Not an English native speaker, so excuse poor language structure and vocabulary.
Hermit Crab and Germany
At first glance, the beach seems dead. After staring at the same spot for a minute, you see how everything begins to move; all the rocks and shells that appeared so lifeless and cold are now running around in pure chaos. After another minute you realize that the beach is crowded of hermit crabs, carrying their shells of varying size, shape and color.
The concept of the hermit crabs changing their shells once their bodies became too big fascinated me. They actively choose and try them on before they finally settle in. But before they could do that and live another stage of their lives, they had to leave their old shell behind which had been their home, which they had carried around everywhere, where they had hid from dangers and felt perfectly content.
And this is exactly what I had to do when my family moved from urban Germany to the Fiji Islands - leave my old shell behind. I was 13 years old when we moved and 13 and a half when I realized that I would not get very far with my old shell - my German mindset. The next period of time was very tough as I had discarded my prior values and principles and had no new shell yet which would protect me from predations.
The first months went by quickly. I learned how to iron my grey uniform and plait my hair for school in the mornings. Then we would walk with the neighboring kids to school. The school was high up on a hill and I was always glad when I reached it without having sweat stains under my arms. Around me, I heard my peers speak English, Fijian and Hindustani and often a blend between those three. Of course, then I could not differentiate the three and was glad to learn any new words regardless of their origin.
Everyone knew that I was new. How could they not? I was white. The people called me "Kaivalagi" which meant "white person". My peers in school asked me for money because they associated my skin color with wealth. They stole my lunch and clothes, made fun of me for being skinny or my untidy hair. I could not understand the fright the pupils had for their teachers, men and God. I could not understand why the girls were not allowed to go anywhere after school and had to do chores for the rest of the days.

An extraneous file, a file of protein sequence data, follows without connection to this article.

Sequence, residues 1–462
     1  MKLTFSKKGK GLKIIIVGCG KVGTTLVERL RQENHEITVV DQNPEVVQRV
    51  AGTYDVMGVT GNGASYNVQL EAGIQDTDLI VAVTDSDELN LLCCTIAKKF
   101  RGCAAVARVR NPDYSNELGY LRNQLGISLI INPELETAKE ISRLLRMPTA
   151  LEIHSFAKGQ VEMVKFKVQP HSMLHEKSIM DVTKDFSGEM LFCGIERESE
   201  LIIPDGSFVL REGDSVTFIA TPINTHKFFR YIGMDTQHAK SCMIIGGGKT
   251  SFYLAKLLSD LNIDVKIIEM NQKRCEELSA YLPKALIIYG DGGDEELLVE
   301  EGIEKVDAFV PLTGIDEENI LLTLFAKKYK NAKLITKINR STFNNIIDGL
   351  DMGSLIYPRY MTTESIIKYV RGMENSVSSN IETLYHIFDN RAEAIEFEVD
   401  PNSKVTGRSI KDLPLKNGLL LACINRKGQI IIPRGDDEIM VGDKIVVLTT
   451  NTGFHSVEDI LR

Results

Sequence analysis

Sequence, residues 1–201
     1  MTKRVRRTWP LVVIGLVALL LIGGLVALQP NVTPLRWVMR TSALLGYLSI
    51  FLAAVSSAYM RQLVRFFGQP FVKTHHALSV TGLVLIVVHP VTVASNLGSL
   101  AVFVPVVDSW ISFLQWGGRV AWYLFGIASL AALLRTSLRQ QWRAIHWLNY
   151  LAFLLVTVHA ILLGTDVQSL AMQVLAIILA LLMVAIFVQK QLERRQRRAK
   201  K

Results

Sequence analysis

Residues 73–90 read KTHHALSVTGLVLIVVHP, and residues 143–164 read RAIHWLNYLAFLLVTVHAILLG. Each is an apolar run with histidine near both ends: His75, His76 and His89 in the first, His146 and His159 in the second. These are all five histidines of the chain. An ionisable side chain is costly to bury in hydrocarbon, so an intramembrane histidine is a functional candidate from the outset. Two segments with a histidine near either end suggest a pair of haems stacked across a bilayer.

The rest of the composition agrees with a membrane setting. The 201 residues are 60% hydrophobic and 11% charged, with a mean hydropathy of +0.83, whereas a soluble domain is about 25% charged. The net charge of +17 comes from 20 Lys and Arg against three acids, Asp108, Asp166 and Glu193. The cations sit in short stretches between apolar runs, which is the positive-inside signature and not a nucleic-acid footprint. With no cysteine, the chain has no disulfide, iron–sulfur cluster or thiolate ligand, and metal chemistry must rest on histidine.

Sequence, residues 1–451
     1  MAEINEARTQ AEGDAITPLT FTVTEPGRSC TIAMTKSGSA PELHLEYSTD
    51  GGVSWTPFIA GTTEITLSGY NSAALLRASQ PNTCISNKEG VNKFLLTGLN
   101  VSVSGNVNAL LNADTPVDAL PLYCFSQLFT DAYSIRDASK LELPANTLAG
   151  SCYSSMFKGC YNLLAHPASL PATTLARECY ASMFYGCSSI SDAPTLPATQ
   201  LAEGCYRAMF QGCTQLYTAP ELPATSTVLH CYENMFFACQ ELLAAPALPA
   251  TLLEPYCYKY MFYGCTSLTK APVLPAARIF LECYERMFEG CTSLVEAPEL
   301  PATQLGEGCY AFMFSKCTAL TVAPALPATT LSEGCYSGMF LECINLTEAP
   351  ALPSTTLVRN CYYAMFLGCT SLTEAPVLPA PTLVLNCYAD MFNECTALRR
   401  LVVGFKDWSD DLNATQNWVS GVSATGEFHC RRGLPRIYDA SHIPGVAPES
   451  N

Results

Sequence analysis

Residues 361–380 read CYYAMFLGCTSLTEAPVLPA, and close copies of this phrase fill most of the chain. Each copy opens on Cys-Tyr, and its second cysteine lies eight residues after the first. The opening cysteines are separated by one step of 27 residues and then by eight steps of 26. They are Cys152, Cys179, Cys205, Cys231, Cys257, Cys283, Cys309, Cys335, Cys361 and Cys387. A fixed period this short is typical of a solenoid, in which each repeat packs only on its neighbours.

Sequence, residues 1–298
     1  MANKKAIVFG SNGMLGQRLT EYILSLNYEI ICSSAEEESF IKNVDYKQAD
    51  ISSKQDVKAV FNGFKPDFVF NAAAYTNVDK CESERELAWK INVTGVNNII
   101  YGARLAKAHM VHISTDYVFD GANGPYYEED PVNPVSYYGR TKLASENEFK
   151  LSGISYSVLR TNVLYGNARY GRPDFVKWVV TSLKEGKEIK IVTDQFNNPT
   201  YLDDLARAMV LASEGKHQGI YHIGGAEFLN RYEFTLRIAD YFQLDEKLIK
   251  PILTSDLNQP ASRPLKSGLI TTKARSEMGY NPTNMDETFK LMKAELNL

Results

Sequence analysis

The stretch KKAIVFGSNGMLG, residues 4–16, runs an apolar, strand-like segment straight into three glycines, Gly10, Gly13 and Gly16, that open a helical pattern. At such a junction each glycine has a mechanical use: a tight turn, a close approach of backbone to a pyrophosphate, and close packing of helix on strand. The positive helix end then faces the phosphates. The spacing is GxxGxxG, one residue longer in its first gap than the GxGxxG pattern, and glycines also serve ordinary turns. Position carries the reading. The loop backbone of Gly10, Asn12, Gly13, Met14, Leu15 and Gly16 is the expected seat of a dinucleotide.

And just after I could slowly grasp shreds of the new languages, the fact that possessions have no value in Fiji, that the head is sacred in the Fijian culture and should not be touched, that nature is humanity's biggest resource, that "Kaivalagi" not actually means white person" but "people that came from the sky", just then I realized that I had found my new shell.
From then on, I loved my new life. I acknowledged the paradise I now lived in, the palm trees, the juicy mangoes, the waterfalls, the marine life... I had made true friends and even though differences still draw thin lines between us, it is that difference that defines us. I can now walk barefoot in the jungles, can husk and scrape coconuts, catch, gut and scale my own fish, plait thatched roofs and pull root crops.
When I returned to Germany six years later, I met up with old friends and was astonished to see how little they had changed. I could relate to them but I could see how their surroundings owned them. I realized that it is a mutualistic relationship one has with one's environment and that I may wear many "shells" throughout my life but my "me" inside them will always be the same.